As This is the Future ends, the opaque glass screen symbolically (and actually) clears, allowing a view of Heja’s garden. Supported by scaffolding, LED panels display images of morphic flowers, looping animations created by the next frame algorithm. Scrolling text describes the healing properties of these Power Plants, which have developed to combat some of the particularly toxic aspects of late-stage capitalism. One offers relief from social media addiction, another “blocks hate speech and austerity propaganda.” The viewer’s experience concludes with a walk through this digital garden of hope where the shiny black surfaces of the gallery reflect the bright flowers and red text, immersing one in a different vision of the future.
Still audible in the Power Plants installation, the commentary of the spurious neural net in This is the Future becomes increasingly absurd as it attempts to warn Heja of the dangers of predicting or even entering the future. This documentary thread then collapses into the narrative as Heja transits “into the future by slipping through the cracks in between seconds.” It’s a poetic segue to the denouement of the video, which ends with Heja’s voice reassuring us that none of this will ever happen, because the future is already here. Like Marx’s Flower King the neural network fails, trailing away in a stutter of “this is all I can say.” Their failures give us hope: the flowers don’t need our actual heart, this AI can’t truly predict the future. They exist instead, for the author, artist, and for us.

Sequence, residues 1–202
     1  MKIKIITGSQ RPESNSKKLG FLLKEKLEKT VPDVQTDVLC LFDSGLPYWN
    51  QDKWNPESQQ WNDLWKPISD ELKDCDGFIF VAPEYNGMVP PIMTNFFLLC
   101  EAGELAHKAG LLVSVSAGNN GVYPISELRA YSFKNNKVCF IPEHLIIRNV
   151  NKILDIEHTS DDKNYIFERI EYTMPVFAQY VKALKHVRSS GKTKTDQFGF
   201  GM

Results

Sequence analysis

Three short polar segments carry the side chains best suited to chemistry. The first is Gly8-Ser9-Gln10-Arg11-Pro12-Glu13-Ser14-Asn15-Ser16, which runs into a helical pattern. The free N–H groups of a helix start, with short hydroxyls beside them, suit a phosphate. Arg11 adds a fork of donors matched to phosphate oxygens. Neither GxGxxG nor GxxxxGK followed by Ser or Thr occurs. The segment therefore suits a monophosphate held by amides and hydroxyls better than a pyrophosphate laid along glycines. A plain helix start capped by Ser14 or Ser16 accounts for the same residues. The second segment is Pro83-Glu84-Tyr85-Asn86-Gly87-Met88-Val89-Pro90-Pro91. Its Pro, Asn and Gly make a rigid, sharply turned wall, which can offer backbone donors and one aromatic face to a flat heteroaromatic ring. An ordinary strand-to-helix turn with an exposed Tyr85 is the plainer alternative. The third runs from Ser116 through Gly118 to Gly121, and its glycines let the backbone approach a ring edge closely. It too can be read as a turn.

Hito Steyerl ends her discussions of This is the Future with a request that viewers connect the recent and devastating earthquake in Turkey to the climate crisis that we do not need AI to predict. Her upcoming show at the Esther Schipper Gallery in Berlin will be a fundraiser for victims of this humanitarian crisis.
 Karl Marx, “Flower King,” 1837 in Karl Marx, Friedrich Engels, and Clemens Dutt, Marx Engels Collected Works Vol 1 (New York: International Publishers, 1975).
 Kate Brown, “Hito Steyerl on Why the Metaverse Has Already Failed,” The Art Angle Podcast, n.d., https://www.youtube.com/watch?v=CCU9ZWO5eiQ.
 Hito Steyerl, “Hito Steyerl at Portland Art Museum” (Portland Art Museum, February 11, 2023).